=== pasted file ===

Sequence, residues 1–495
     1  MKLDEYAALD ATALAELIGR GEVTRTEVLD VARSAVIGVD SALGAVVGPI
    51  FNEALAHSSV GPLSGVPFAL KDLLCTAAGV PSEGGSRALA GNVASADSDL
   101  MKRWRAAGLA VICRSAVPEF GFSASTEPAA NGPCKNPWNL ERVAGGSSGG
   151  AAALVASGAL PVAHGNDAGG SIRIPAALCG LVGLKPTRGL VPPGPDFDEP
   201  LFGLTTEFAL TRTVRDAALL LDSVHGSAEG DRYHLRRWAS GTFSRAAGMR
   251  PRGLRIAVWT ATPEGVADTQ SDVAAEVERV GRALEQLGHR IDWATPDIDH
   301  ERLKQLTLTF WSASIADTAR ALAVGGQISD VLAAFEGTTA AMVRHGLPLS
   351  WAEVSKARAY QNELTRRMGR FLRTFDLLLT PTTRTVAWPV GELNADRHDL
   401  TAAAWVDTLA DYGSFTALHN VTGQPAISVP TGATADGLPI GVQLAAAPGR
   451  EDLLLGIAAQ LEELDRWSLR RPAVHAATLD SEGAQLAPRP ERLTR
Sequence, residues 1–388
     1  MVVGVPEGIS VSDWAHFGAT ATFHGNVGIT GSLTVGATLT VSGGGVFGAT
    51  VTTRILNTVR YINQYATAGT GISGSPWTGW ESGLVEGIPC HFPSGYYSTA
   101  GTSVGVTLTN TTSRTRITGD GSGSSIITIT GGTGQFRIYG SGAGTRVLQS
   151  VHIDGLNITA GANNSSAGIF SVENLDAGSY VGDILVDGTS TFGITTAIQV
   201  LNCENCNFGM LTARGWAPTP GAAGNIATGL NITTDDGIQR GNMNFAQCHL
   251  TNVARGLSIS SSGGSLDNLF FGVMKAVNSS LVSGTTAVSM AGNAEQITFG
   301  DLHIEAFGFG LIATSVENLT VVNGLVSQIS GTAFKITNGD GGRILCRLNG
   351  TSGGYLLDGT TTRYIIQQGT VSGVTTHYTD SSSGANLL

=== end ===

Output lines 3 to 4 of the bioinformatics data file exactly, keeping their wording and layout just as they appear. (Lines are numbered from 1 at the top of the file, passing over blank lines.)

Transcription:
    51  FNEALAHSSV GPLSGVPFAL KDLLCTAAGV PSEGGSRALA GNVASADSDL
   101  MKRWRAAGLA VICRSAVPEF GFSASTEPAA NGPCKNPWNL ERVAGGSSGG